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A Discussion Group Program Enhances the Conceptual Reasoning Skills of Students Enrolled in a Large Lecture-Format Introductory Biology Course

    Author: Marcy A. Peteroy-Kelly1,*
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    Affiliations: 1: Department of Biology and Health Sciences, Pace University, New York, New York 10038
    AUTHOR AND ARTICLE INFORMATION AUTHOR AND ARTICLE INFORMATION
    • Published 17 May 2007
    • *Corresponding author. Mailing address: Department of Biology and Health Sciences, Pace University, 1 Pace Plaza, New York, New York 10038. Phone: (212) 346-1353. E-mail: mkelly2@pace.edu.
    • Copyright © 2007, American Society for Microbiology. All Rights Reserved.
    Source: J. Microbiol. Biol. Educ. May 2007 vol. 8 no. 1 13-21. doi:10.1128/193578807X14285807236222
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    Abstract:

    It has been well-established that discussion groups enhance student learning in large lecture courses. The goal of this study was to determine the impact of a discussion group program on the development of conceptual reasoning skills of students enrolled in a large lecture-format introductory biology course. In the discussion group, students worked on problems based on topics discussed in lecture. The program was evaluated using three assessment tools. First, student responses to pre- and posttests were analyzed. The test question asked the students to demonstrate the relationships between 10 different but related terms. Use of a concept map to link the terms indicated an advanced level of conceptual reasoning skills. There was a 13.8% increase in the use of concept maps from pre- to posttest. Second, the students took a Likert-type survey to determine the perceived impact of the program on their conceptual reasoning skills. Many of the students felt that the program helped them understand and use the main course concepts to logically solve problems. Finally, average exam grades increased as the semester progressed. The average final grade in the course was 75%. Students enrolled in the course the previous year (where the lecture component of the course did not assess or reflect student learning in the discussion group) had an average final grade of 69%. The results of this study demonstrate that the discussion group program improves the conceptual reasoning skills of students enrolled in a large lecture-format introductory biology course.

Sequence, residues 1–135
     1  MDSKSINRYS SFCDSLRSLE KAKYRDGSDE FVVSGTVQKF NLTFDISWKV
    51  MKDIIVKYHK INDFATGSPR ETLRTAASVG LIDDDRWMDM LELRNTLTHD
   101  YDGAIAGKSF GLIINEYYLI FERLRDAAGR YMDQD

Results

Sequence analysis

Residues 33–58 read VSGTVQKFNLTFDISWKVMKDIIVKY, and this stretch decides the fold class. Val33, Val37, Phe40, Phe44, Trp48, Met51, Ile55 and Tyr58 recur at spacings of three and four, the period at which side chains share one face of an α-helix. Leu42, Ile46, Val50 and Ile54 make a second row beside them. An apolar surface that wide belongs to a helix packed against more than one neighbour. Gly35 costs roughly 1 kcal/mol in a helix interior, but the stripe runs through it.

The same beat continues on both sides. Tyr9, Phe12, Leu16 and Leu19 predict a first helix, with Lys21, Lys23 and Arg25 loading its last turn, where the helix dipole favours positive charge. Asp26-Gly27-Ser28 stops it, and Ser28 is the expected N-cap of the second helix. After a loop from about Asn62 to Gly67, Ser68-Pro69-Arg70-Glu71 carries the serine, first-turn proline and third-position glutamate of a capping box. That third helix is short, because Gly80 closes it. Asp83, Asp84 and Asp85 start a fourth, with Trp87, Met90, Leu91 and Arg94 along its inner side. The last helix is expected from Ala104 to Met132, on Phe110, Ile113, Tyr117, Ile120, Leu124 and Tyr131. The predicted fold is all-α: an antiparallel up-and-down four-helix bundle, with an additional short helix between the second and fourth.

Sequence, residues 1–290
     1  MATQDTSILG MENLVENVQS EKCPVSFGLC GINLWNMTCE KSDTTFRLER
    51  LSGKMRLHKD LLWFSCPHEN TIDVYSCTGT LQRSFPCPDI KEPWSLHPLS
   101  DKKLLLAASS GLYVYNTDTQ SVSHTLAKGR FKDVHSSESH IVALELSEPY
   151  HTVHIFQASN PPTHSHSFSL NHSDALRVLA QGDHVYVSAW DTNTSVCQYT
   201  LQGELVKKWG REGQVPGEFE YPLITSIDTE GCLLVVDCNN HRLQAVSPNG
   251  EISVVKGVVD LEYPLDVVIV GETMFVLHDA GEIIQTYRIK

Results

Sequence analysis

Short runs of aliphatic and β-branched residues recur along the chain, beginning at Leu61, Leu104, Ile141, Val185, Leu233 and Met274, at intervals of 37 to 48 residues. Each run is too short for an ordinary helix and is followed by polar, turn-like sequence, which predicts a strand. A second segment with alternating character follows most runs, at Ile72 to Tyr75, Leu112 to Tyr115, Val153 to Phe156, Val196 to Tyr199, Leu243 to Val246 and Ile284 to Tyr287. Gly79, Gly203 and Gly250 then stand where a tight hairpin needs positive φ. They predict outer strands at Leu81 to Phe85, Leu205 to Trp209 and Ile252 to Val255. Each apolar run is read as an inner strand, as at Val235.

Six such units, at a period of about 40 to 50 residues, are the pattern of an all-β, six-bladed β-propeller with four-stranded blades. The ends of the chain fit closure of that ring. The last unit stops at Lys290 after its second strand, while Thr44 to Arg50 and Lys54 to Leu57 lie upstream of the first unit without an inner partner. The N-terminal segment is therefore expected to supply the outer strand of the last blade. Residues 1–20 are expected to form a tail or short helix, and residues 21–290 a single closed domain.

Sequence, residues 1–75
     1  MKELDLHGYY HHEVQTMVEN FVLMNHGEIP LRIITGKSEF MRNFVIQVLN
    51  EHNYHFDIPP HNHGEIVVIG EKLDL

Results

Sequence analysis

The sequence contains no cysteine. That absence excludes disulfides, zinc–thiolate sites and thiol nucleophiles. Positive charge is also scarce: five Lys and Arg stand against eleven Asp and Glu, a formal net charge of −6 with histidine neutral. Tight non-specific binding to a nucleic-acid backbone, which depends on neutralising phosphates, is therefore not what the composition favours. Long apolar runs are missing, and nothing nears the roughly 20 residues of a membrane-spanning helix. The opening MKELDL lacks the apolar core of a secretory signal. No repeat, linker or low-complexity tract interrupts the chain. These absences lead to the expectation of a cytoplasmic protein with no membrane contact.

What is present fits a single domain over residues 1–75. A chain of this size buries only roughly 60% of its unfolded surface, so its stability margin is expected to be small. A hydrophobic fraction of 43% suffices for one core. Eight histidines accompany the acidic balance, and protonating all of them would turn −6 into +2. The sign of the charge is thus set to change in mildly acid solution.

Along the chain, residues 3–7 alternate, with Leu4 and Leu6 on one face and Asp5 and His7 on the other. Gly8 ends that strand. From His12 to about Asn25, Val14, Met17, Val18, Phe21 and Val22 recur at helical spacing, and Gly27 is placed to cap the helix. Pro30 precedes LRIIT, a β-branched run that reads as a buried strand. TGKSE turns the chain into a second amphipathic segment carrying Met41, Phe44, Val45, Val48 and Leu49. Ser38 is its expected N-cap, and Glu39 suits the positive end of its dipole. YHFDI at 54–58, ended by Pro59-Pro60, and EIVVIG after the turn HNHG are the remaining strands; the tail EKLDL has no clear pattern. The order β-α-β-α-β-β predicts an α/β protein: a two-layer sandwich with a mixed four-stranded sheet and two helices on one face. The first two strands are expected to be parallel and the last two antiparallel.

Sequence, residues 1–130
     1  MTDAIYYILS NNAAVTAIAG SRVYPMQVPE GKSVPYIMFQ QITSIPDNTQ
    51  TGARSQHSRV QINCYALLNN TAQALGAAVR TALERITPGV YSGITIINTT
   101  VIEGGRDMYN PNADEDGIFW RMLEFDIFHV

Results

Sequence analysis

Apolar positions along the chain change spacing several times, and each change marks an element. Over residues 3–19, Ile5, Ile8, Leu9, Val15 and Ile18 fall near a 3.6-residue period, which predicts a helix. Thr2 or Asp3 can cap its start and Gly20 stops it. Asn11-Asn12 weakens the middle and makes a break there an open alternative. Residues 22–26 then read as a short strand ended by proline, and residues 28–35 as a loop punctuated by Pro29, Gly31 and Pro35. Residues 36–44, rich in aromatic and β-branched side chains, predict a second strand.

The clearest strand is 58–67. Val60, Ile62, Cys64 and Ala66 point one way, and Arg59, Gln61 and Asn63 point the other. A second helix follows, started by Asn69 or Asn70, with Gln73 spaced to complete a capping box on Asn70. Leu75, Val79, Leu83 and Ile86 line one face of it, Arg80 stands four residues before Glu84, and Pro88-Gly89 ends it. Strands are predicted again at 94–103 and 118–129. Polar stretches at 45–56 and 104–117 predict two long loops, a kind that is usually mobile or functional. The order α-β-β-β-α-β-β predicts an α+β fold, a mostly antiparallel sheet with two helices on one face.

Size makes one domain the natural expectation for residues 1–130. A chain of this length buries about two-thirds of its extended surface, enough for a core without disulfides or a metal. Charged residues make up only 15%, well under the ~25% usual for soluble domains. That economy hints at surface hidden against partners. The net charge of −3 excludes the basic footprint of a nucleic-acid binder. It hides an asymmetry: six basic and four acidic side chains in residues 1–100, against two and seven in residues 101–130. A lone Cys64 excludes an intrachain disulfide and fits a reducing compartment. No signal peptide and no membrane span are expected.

References & Citations

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/content/journal/jmbe/10.1128/193578807X14285807236222
2007-05-17
2017-11-24

Abstract:

It has been well-established that discussion groups enhance student learning in large lecture courses. The goal of this study was to determine the impact of a discussion group program on the development of conceptual reasoning skills of students enrolled in a large lecture-format introductory biology course. In the discussion group, students worked on problems based on topics discussed in lecture. The program was evaluated using three assessment tools. First, student responses to pre- and posttests were analyzed. The test question asked the students to demonstrate the relationships between 10 different but related terms. Use of a concept map to link the terms indicated an advanced level of conceptual reasoning skills. There was a 13.8% increase in the use of concept maps from pre- to posttest. Second, the students took a Likert-type survey to determine the perceived impact of the program on their conceptual reasoning skills. Many of the students felt that the program helped them understand and use the main course concepts to logically solve problems. Finally, average exam grades increased as the semester progressed. The average final grade in the course was 75%. Students enrolled in the course the previous year (where the lecture component of the course did not assess or reflect student learning in the discussion group) had an average final grade of 69%. The results of this study demonstrate that the discussion group program improves the conceptual reasoning skills of students enrolled in a large lecture-format introductory biology course.

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Figures

Image of FIG. 1

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FIG. 1

Responses to pre- and posttest questions. Percentage of students that responded to the question on the pretest (black bars) and posttest (white bars) using the different answer categories (listed on the x axis). Actual percentage values are listed above each bar. One hundred fifteen of the fall 2005 Biology 101 students took the pretest while 85 of them took the posttest.

Source: J. Microbiol. Biol. Educ. May 2007 vol. 8 no. 1 13-21. doi:10.1128/193578807X14285807236222
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Image of FIG. 2

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FIG. 2

Representative examples of student-prepared concept maps in response to the (A and B) pretest question and (C and D) posttest question.

Source: J. Microbiol. Biol. Educ. May 2007 vol. 8 no. 1 13-21. doi:10.1128/193578807X14285807236222
Download as Powerpoint

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